I knew that haute couture was art. Ever since my mother first introduced me to designers like Balmain, Cardin, Chanel and Dior; from the time I saw my first Vogue magazine, with its voluptuous, beguiling layouts, the stories like fantasies as good as any romantic novel — I knew it was art. Many people did, but those people weren’t always taken seriously. Couture was seen as mere craft, and haute couture clever craft at best.
But with time, slowly, haute couture started to gain the respect it deserved. “Real” artists themselves began to pay attention, to acknowledge the eye, training, and skill it took to be a couturier. Still, in 2011, when the Alexander McQueen exhibit, Savage Beauty, came to New York’s Metropolitan Museum of Art, there were people who wondered what this “high dressmaking” was doing in a palace of high art. But I, and the thousands of other people who stood in line for hours, didn’t wonder. We knew that Alexander McQueen belonged at the Met, or any other palace for that matter. Perhaps the Victoria and Albert Museum in London?
Savage Beauty is going to be at the Victoria and Albert Museum in 2015, from March 14 – July 19. This awesome graphic was made accessible to me by a company called Farfetch. To see what else they have to offer look here. Feast your eyes on some more couture, buy yourself a McQueen skull ring! In any case, thanks for this opportunity to spread the word, Farfetch!
McQueen was a man with vision, who took raw materials and fashioned them into objects of beauty that spoke to those who looked at them. He produced a consistently excellent, and coherent, body of work. He told stories better than just about anyone. He was controversial but widely acclaimed. Like Robert Mapplethorpe, another l’enfant terrible and “the shy pornographer”, McQueen took darkness and the macabre, brought it to light and made it desirable to ponder.
Alexander McQueen created a genre. His skulls are everywhere. His veiled and masked faces are walking down the runways at fashion week. Whether you are a consumer of mass media and fashion or not, his kind of provocation and theatricality are part of our everyday diet.
Alexander McQueen told his sisters he was going to be a fashion designer before he left school, at the age of 16. He began his career as an apprentice to Savile Row tailors Anderson & Sheppard, and later to the costumiers Angels and Bermans — undoubtedly the sources for his “impeccably tailored look” and the theatricality he became known for.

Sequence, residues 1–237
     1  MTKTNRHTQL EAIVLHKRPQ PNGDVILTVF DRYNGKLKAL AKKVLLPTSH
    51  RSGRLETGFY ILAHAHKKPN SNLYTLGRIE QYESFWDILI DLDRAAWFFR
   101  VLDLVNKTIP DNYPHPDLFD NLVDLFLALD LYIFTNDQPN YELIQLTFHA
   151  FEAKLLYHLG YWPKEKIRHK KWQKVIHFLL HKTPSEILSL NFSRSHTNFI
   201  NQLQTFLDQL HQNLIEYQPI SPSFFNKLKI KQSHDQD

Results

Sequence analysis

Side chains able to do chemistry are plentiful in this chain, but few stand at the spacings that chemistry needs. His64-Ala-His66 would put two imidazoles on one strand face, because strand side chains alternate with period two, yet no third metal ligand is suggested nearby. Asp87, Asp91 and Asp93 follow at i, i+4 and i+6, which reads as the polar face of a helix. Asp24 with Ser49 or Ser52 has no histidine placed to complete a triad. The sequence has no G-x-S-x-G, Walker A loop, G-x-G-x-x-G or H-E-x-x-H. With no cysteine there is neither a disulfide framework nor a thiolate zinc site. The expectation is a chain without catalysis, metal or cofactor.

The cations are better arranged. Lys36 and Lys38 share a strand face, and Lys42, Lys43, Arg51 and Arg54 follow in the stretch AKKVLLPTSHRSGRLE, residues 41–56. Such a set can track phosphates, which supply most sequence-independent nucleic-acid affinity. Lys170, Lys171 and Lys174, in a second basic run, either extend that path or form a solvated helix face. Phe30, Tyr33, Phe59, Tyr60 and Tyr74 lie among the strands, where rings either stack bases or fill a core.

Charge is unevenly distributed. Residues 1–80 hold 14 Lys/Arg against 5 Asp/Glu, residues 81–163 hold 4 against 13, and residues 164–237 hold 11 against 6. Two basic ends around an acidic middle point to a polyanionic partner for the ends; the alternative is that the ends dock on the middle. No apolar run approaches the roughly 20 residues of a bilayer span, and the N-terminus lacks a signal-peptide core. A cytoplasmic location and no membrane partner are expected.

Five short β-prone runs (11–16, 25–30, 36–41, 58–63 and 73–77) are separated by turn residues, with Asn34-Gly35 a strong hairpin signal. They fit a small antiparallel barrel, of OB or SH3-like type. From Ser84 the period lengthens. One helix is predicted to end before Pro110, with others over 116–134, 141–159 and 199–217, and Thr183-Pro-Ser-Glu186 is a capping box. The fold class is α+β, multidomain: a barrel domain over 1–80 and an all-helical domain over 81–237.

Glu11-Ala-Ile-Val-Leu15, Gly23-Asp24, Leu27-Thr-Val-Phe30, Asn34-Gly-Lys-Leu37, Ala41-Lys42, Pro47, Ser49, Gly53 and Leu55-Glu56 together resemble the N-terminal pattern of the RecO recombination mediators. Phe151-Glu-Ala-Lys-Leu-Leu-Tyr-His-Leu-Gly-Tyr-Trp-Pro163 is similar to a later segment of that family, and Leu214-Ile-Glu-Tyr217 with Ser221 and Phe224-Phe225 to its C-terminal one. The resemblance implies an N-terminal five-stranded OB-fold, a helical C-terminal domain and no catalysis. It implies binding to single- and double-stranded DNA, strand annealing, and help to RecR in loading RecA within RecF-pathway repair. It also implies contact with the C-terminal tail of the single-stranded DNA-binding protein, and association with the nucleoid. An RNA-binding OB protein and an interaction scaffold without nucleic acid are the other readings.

These apprenticeships, and time spent working for other designers, such as Romeo Gigli, prepared McQueen for application to Central Saint Martins College of Art and Design, where his talent was immediately recognized, and he eventually earned a Masters degree. His entire graduate collection was bought by the stylist Isabelle Blow… and Alexander McQueen was well on his way.
In 1996, McQueen was appointed head designer at Givenchy. While the partnership was not always amicable, and his designs at Givenchy toned down, McQueen stayed until 2001, by which time he had earned his own stage.
McQueen continued to create, innovate, and sometimes shock. He used naked models, amputees, Indian models never before seen on London stages. He sprayed models with paint and forced audiences to view their own reflections. To me, what’s magnificent is not the shock and theatricality, but the beauty and quality of the work. The clothes, envisioned and created!
Alexander McQueen dressed almost every celebrity, it seems; perhaps most famously, Lady Gaga. He worked with many other fashion houses and brands. He won the highest awards and honors in the world of fashion. So when he died at 41, by his own hand, there was little to say but that an artist had left us.